- Improved ability to outpace competition. When looking to increase market share against the competition, a head-to-head approach does not always win. It's important to identify gaps in the competitive landscape and fill them. When promoting a singular campaign message across several channels, businesses may fill a gap that their competitors leave when not taking advantage of the same opportunities. When a competitor is not using a particular channel, that presents the chance for a marketing team to approach their customers where the competition isn't.
- Integrated strategy. Spreading a campaign across multiple channels shows a company's inclination to have an integrated marketing strategy. Using all the channels available to a company, and meeting customers where they are, improves organization of marketing campaigns, but also builds future efficiencies and repeatability. By continuing this methodology, brand awareness continues to rise as marketers use those channels to cross-promote additional products or services.
What to include in a multichannel marketing plan
A multichannel marketing campaign isn't meant to be a quick hit or one-and-done approach to campaign management, but rather a long-term strategy built on the foundation of establishing brand awareness and a relationship with prospects. Marketing teams can run many short-term individual campaigns but being consistent about using all channels available to them will continue to reinforce that campaign over time, especially in businesses with long sales cycles such as real estate, finance and automotive industries.
Some of the typical elements found in a marketing campaign are:
- websites or physical storefronts;
- email and print mail;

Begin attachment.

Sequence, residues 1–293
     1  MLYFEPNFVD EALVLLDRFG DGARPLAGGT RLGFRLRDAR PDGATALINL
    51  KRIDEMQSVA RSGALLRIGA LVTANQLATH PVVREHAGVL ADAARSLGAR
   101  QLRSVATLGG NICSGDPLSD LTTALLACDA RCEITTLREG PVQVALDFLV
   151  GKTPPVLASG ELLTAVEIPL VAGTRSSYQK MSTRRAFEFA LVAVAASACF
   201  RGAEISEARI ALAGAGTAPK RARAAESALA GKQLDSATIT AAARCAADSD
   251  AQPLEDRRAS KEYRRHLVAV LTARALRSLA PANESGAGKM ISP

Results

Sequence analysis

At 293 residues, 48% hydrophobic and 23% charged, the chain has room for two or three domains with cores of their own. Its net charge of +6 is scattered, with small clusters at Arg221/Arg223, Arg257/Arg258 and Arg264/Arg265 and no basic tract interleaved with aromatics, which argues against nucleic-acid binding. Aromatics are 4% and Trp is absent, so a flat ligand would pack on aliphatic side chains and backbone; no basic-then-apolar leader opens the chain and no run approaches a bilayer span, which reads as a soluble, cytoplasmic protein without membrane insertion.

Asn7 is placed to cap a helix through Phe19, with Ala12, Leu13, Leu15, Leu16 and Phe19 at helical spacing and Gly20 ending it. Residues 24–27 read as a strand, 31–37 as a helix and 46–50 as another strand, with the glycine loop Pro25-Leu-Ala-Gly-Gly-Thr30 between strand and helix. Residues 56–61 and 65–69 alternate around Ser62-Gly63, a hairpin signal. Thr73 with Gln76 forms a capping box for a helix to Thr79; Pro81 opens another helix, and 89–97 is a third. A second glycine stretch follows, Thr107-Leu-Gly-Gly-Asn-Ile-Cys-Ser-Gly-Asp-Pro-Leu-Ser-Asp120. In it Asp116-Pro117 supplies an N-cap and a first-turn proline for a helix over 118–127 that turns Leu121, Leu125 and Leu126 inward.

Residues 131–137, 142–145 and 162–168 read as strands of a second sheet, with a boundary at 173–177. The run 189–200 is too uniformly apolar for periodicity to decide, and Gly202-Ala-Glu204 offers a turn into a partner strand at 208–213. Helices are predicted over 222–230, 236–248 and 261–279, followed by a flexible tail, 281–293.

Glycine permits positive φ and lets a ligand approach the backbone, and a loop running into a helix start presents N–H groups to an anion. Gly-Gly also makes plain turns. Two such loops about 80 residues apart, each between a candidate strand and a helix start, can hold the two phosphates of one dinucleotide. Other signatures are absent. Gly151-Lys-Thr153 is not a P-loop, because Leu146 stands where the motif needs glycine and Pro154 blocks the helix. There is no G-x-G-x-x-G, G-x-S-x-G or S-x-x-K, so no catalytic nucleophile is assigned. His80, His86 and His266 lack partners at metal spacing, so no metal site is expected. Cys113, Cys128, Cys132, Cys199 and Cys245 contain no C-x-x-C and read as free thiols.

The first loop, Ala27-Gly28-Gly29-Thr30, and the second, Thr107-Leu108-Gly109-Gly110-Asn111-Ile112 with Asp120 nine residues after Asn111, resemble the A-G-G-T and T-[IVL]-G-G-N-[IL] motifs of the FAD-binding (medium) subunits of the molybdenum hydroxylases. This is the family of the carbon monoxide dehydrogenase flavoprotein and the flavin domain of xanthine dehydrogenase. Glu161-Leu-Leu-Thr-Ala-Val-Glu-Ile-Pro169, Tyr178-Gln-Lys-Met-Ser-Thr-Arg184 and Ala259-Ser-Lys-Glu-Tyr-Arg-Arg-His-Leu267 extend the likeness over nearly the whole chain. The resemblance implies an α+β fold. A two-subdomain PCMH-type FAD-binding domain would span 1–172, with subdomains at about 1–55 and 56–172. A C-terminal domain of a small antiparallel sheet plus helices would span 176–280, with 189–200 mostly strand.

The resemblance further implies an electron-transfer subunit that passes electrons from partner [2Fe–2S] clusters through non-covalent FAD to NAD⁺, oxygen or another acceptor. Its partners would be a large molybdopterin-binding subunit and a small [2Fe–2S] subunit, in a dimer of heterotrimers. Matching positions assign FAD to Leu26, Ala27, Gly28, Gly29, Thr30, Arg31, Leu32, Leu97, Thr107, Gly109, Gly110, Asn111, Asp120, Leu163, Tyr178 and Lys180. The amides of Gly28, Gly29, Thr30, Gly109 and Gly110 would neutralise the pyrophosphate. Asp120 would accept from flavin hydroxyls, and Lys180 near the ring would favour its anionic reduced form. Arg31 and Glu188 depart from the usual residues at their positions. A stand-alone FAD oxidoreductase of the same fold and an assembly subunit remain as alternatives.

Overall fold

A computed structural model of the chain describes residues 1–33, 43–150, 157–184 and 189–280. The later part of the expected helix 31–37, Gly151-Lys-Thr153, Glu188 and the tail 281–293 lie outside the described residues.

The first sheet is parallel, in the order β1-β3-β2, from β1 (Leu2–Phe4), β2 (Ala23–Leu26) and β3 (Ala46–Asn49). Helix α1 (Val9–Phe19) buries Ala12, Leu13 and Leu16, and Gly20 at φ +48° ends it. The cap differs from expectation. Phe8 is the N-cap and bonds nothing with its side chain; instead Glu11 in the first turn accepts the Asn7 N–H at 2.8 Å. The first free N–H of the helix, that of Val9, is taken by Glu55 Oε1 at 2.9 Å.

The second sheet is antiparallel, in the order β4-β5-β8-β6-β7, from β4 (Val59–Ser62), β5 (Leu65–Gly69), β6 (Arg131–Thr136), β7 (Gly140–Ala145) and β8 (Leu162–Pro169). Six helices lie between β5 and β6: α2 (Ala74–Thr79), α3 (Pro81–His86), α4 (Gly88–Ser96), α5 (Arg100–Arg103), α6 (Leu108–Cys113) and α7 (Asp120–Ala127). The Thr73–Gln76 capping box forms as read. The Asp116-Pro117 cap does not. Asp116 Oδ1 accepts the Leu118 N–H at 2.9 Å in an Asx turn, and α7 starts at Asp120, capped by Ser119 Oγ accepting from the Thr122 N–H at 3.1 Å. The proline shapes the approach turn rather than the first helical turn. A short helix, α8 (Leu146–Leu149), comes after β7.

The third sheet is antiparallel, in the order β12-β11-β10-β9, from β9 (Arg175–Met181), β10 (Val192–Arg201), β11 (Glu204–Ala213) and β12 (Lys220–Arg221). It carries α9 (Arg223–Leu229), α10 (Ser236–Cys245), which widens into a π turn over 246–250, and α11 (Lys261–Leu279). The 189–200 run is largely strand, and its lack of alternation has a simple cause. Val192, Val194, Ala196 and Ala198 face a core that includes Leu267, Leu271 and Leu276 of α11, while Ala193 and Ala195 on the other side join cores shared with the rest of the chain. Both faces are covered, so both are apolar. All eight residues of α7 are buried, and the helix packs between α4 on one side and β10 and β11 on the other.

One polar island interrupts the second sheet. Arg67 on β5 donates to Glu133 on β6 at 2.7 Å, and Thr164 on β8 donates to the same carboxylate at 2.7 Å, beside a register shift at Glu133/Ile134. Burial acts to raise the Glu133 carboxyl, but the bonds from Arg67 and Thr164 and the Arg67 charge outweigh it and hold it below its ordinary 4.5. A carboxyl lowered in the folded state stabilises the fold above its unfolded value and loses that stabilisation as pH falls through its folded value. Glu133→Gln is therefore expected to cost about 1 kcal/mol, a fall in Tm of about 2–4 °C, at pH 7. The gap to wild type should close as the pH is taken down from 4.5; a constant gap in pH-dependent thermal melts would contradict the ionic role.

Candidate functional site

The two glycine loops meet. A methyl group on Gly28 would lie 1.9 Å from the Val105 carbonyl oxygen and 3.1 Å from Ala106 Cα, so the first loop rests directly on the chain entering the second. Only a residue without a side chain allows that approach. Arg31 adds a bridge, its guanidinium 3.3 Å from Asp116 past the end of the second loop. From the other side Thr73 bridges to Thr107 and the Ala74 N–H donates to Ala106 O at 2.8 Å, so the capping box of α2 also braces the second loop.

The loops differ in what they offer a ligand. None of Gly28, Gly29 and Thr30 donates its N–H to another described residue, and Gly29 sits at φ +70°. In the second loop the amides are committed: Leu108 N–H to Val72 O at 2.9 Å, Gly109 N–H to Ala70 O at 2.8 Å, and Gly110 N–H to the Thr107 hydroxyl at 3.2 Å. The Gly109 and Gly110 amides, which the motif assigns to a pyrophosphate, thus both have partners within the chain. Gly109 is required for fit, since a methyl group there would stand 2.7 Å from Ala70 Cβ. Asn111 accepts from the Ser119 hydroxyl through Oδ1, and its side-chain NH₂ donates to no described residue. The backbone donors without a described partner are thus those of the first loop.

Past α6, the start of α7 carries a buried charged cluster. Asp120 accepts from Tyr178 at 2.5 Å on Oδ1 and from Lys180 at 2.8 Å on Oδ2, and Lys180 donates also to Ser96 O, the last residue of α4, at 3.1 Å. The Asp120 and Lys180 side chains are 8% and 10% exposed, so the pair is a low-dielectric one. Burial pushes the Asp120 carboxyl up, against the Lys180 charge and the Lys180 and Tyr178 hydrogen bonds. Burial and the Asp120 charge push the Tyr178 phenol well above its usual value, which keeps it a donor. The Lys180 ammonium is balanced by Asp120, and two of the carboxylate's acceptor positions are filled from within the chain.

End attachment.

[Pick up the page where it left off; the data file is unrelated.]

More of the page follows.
- text messaging;
- blogging and other premium content, such as white papers, e-books and case studies;
- sponsored media and other paid ads; and
- social media.
An effective multichannel marketing strategy uses a combination of all those elements to deliver a consistent message to the target market. This connects multiple channels together into a well-rounded campaign.
Outside of the specific content or channels, the multichannel marketing plan must consider the foundations of being able to execute these types of campaigns. The multichannel marketing campaign requires:
- detailed customer and buyer persona profiles;
- specific, measurable, attainable, realistic and timely (SMART) goals for new customer acquisition, as well as customer retention or repeat purchases;
- marketing tactics that combine an inbound and outbound marketing approach using content and sales alignment;
- the marketing team's ability to track and collect data on integrated channels for any potential optimization; and
- an understanding of how the marketing team will measure results for effectiveness.
By having this foundation in place, marketing teams can identify where sales are coming from and how -- or where -- to allocate resources and budget in future campaigns.
Many companies also integrate other organizational plans -- such as digital marketing plans, an overall marketing plan and an individual campaign plan -- into their multichannel marketing approach. An effective integration of these plans can yield a long-term integrated communications strategy to attract, nurture and convert leads and exceed sales targets.